Lincoln’s Melancholy – How Depression Challenged a President and Fueled His Greatness by Joshua Wolf Shenk, 2005.
The Hour of Peril: The Secret Plat to Murder Lincoln Before the Civil War by Daniel Stashower.
Lincoln’s Little Girl by Cecelia Colleen Brown.
Assassination Vacation by Sarah Vowel.
I saw the movie Lincoln and realized how little I know about the Civil War. It takes an effort of imagination for me to realize that Americans didn’t know what a grim cataclysm they were facing, or what the outcome would be. It all sounds so “inevitable” in a high school history class. These four (totally different) books gave me a little more perspective.
Schenk wants to raise “fundamental questions about the nature of illness and health”. He does an excellent job of this. Possibly because of his own suffering, Abraham Lincoln was a profoundly compassionate person. If his “melancholy” had been treated the way we now treat “depression”, if it had been medicated away, would he have been a different man? a different leader? It’s well worth reading Schenk’s discussion of Lincoln’s state of mind.
Stashower’s Hour of Peril provides a brisk look at what happened between Lincoln’s election and his inauguration. It also highlights Allan Pinkerton, America’s first professional detective.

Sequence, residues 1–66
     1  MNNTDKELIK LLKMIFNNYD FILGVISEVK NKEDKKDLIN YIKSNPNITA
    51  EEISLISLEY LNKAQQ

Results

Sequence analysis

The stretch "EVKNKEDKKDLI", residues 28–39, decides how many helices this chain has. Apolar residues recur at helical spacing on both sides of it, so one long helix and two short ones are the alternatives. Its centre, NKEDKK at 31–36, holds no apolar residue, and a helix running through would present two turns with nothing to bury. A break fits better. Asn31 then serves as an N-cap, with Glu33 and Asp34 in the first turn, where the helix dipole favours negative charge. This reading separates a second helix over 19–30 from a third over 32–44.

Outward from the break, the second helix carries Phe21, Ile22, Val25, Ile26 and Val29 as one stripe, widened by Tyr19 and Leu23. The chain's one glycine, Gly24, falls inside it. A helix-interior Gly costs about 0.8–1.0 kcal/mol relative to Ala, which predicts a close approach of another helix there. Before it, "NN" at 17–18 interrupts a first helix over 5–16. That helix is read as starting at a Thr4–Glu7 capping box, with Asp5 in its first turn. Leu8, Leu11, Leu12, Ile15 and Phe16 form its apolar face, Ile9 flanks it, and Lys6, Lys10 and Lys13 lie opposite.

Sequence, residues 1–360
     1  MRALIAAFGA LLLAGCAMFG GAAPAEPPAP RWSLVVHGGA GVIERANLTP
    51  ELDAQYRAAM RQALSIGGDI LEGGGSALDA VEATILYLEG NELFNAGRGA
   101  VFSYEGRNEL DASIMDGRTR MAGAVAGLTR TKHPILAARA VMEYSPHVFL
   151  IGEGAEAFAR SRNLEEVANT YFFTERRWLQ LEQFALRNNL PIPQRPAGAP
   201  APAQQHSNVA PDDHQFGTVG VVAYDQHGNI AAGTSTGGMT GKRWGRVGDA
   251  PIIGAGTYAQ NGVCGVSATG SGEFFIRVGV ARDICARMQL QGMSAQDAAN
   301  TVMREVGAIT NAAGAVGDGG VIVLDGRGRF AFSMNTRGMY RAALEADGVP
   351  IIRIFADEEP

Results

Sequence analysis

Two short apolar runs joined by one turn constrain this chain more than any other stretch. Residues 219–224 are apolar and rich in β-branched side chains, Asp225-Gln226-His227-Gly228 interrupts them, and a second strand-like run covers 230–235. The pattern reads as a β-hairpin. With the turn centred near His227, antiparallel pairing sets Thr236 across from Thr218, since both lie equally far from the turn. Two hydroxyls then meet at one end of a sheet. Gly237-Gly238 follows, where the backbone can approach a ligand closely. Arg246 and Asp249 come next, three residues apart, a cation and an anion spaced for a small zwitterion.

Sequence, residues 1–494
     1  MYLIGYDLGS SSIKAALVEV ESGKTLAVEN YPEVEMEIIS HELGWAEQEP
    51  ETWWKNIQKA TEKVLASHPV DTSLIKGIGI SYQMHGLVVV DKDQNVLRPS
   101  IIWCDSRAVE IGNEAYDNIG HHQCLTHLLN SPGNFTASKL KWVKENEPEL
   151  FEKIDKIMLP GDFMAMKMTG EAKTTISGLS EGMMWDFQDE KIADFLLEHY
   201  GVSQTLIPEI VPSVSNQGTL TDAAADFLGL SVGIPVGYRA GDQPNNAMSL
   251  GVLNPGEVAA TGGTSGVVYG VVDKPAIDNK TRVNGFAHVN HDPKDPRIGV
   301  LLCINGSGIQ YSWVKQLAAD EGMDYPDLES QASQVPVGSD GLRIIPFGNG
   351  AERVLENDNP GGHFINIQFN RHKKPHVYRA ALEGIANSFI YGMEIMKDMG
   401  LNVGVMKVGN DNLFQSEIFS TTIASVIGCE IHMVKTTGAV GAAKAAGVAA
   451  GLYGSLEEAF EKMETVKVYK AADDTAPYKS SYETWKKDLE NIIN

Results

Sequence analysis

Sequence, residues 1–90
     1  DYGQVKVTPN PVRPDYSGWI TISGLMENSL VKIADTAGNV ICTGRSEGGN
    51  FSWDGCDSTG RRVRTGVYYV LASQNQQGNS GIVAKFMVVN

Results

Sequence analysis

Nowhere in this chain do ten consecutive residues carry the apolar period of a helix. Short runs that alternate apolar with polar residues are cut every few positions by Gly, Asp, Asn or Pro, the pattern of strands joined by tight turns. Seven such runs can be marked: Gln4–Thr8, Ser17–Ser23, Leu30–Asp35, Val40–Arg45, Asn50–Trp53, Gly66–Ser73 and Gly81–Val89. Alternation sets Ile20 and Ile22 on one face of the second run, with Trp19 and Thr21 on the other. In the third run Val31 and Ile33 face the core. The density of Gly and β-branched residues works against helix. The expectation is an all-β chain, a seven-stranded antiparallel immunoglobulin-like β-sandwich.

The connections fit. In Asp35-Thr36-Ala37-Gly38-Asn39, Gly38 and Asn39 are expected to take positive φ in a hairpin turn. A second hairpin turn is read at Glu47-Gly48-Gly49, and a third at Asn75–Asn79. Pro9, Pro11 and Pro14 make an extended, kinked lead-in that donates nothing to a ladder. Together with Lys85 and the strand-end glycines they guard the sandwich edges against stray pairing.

Lincoln’s Little Girl is the transcribed diary of Julie Taft, a friend of the Lincoln family during the year before the Civil War. At the age of 16, she had free run of the White House, kept a diary and saved mementos! And by very good fortune, this has come down to us.
What can I say about Sarah Vowel?! She’s a young, breezy writer who often contributed to National Public Radio’s “This American Life” series. Assassination Vacation is an account of a road trip she took with her long suffering sister and precocious nephew to visit every possible site associated with assassinated American presidents, starting of course with Lincoln. She ferrets out obscure historic sites, find statues and plaques, drives by vacant lots…I was interested in how she followed the trail of Lincoln’s murderers, and her discussion of the attempts by descendants of John Wilkes Booth to clear his name. I didn’t read this book – I listened to it (read by Ms Vowel herself) while on a road trip of my own (to Vermont). Very entertaining!